Lees aub de waarschuwing voor dr. Robert Gorter en het Medisch Centrum Keulen. Dr. Robert Gorter is in opspraak geraakt in Duitsland en Egypte en ook wij distantiëren ons van dr. Robert Gorter. Klik hier of onder vragen voor uitvoerige uitleg waarom wij dr. Robert Gorter geen betrouwbare arts meer vinden.

27 oktober 2010: Bron: The Newscientist

Koorts: vriend of vijand? In The Newscientist schrijven Robert Matthews en Clare Wilson over de invloed van koorts en onderdrukken van koorts op ons immuunssyteem. Het lijkt vaak beter om de koorts uit te laten razen dan deze te onderdrukken met koortswerende middelen als paracetamol of ibuprofen bv. We zullen dit artikel proberen zo letterlijk mogelijk te vertalen, maar hebben daarvoor even tijd nodig. Klik hier en lees ook het artikel uit the American Scientist over de waarde van koorts en warmte: Hier de eerste alineas van het artikel uit The Newscientist:

High temperatures can help you fight infections – or make you much worse. Now doctors are learning when it's better to let a fever burn itself out

It is often the first sign that we're coming down with some bug: we feel groggy, tired - and hot. A thermometer or a hand to the forehead confirms that we have a fever, or as doctors call it, pyrexia.
One of the hallmarks of infectious illness, a fever is not just uncomfortable. In some cases it can trigger fits and perhaps even brain damage. The usual response is to bring down the temperature with antipyretic drugs, such as aspirin, paracetamol (aka acetaminophen) and ibuprofen.
It has long been acknowledged that such drugs could, in theory, be counterproductive - they do, after all, interfere with the body's natural response to infection. But these qualms have been set aside for a variety of reasons: the need to relieve discomfort; fears about brain damage; time-honoured practice; and, some would say, the urge to be doing something rather than nothing.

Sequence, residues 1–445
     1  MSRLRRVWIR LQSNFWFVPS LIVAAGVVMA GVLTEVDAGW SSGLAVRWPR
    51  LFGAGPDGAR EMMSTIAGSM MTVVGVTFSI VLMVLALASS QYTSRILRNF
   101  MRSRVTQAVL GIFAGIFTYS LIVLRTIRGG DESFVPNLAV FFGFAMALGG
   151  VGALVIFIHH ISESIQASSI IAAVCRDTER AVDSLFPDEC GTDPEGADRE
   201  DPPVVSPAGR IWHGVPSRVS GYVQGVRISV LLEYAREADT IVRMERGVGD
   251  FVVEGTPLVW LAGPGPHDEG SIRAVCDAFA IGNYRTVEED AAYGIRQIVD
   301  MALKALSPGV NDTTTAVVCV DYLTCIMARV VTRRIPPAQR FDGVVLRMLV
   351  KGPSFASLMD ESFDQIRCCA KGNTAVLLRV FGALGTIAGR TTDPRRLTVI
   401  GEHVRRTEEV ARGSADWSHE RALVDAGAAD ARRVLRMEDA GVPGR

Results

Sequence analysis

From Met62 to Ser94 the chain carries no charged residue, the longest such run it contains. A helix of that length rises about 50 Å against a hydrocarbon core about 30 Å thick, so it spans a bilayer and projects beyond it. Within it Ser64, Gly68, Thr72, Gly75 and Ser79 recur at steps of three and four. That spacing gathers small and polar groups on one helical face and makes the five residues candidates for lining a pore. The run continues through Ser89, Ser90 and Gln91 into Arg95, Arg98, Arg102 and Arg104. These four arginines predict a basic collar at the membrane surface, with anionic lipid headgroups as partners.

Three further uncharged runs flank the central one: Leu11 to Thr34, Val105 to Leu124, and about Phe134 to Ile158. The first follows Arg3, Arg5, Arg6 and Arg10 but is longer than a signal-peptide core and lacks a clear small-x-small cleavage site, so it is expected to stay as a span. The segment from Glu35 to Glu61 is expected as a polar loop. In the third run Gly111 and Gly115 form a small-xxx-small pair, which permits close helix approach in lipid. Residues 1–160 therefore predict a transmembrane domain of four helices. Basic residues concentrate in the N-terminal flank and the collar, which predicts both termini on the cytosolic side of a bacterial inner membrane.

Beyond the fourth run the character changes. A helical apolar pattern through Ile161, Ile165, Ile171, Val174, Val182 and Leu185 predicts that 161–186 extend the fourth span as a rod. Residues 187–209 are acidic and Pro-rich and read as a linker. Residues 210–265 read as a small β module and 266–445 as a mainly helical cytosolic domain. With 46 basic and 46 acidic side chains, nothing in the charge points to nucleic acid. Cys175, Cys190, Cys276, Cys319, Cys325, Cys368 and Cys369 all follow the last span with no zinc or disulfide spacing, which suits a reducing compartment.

The upshot is that antipyretics are routinely used for any feverish illness, from the sickest of patients in intensive care to people using over-the-counter medicines at home. The standard advice for people with flu, for example, is to dose up with paracetamol. Parents of young children, who are especially prone to fevers, are well aware of the perils of inaction: febrile convulsions.
But now there's growing concern that these time-honoured approaches are at best misguided and at worst potentially life-threatening. New findings are starting to support a much older view of fever: that it is a key part of the body's disease-fighting strategy. The evidence is coming in from many sources, including insights into how the immune system battles infection, research into how bacteria respond to temperature and studies of critically ill patients. At the same time, the idea that antipyretics can prevent fits in children is looking increasingly shaky. It's not often that decades of clinical practice is overturned, but it looks like the game may be finally up for one of medicine's most basic precepts.
The idea that fever can be beneficial dates to the time of the Greek physician Hippocrates, 2400 years ago. Ironically, it was the emergence of modern medical science during the mid-19th century that led to fever being seen as harmful. The volte-face had its origins in a key concept of medicine: homeostasis. The idea was developed in the 1860s by the French physician Claude Bernard (pictured). It concerns the body's ability to maintain itself within the narrow range of conditions needed for health. Deviations from these ranges were deemed in need of correction. The most obvious deviation was fever - whose severity could be measured with impressive precision by a nifty new gadget: the small, mercury-filled clinical thermometer. Not surprisingly, doctors seized on new antipyretics like paracetamol and aspirin, which rapidly lowered soaring temperatures.

Notwithstanding a fashion in the early 20th century for "pyrotherapy" (see "Fever as cure"), fever has come to be seen as something that should be fought at all costs. Could this be a mistake?  Klik hier om het hele artikel verder te lezen
 


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